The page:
I Was Cosplayin and Sombody Pinched My….
Hands Off Bub!
Cosplay is an art form – spending months creating costumes, and perfecting an outfit to make it the most authentic representation of a character. Most cosplayers are not creating a sexual provocative outfit, to be sexually provocative. And anyway, even if you have designed a costume that is deliberately sexually provocative – it STILL doesn’t give any one the right to sexually harass you.
A new scheme “Cosplay is not Consent”, backed by the organisers of the New York Comic Con, seeks to end harassment in cosplay, for good. The campaign was a big part of NYCC last year, but has it really had an impact? In 2013, there were 20 instances of sexual assault reported at the NYCC and in 2014 there were 15. Examples of instances were inappropriate touching, as reported by New Yorker Amanda Jade (or Undiesofwondy) who experienced a man touch her behind, as well as reports of derogatory comments and crude jokes. But while harassment cases went down last year, every year the convention gets bigger, and people are still concerned that instances will increase.
Part of the problem was thought to be down to lack of education – at 2013’s NYCC just under half of the attendees had never been before, and 15% had never been to a convention before. These conventions are supposed to be part of a supportive community of cosplayers, but the negativity surrounding the cases of harassment are not helping people to feel safe to express their fandom at conventions.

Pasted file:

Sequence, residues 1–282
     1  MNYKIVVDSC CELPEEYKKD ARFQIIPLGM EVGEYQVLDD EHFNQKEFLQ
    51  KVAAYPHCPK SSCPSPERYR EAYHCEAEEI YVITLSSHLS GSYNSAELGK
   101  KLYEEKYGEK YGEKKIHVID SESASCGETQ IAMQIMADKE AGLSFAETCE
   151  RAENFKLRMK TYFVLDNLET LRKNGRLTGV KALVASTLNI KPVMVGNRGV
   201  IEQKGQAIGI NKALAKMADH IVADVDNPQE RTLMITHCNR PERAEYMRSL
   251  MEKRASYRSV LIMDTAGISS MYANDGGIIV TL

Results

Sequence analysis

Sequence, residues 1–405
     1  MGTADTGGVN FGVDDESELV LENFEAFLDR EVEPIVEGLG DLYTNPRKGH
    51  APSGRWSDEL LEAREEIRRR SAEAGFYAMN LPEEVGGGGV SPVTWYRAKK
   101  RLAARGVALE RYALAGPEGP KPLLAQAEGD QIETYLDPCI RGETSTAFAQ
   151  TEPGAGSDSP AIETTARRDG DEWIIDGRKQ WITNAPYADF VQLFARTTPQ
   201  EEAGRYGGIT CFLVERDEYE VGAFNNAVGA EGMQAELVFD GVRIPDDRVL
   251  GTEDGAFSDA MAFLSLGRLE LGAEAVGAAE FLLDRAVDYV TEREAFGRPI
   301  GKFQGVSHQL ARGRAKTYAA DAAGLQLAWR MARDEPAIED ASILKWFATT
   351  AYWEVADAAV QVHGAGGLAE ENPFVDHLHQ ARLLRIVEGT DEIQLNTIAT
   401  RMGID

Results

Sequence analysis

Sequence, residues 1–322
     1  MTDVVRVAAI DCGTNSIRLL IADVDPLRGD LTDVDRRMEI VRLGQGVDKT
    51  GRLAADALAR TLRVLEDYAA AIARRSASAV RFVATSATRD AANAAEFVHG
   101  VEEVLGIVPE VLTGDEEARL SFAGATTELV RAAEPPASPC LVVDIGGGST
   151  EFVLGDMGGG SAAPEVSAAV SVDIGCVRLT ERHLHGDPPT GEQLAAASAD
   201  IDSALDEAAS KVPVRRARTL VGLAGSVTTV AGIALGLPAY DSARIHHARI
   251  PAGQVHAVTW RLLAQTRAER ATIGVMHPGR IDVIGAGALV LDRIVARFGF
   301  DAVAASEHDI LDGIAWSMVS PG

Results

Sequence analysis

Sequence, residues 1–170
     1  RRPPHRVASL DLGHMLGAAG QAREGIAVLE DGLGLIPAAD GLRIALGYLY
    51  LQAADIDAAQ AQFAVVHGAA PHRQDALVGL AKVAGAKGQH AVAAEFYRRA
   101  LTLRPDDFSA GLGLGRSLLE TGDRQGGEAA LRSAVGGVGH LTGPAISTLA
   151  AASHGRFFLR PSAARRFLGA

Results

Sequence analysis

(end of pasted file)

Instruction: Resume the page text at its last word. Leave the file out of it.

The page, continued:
The harassment isn’t just centered around women, though, a lot of crossplayers have also experienced harassment. And like women, because of the time and effort these attendees put into their costumes, when a bad word or joke is said about them, it can be very hurtful, and it IS a form of harassment.
Some people believe the role of women is changing, and they are becoming a more prominent part of cosplay, gaining more and more roles away from the stereotypical female costumes. And after the appeals, some fans felt as though women’s role in cosplay was moving in a positive direction. However, there is a problem with this. Why should women and men have to change their costumes and their identity? They are not the problem, it’s the uneducated attendees that are taking advantage of them that at the problem.
Street campaign Hollaback! Is helping to spread the message of “Cosplay is not Consent” on the streets, as well as in the conventions. But the growing interest in cosplay amongst adults inevitably opens up the world to abuse, with online harassment a common problem for cosplayers. Moreover, as cosyplay becomes a larger and more prominent topic for the media, it is being dragged into the mass-media objectification of women that already exists. The media attention attracts negative and inappropriate attention from an uneducated minority. The more people believe these cosplayers are “characters” and “celebrities” they almost feel they have a right to them… Um… You don’t.
Is it not just common sense people? Just don’t sexually harass others, no matter how they are dressed, and how famous they are. It’s really not rocket science.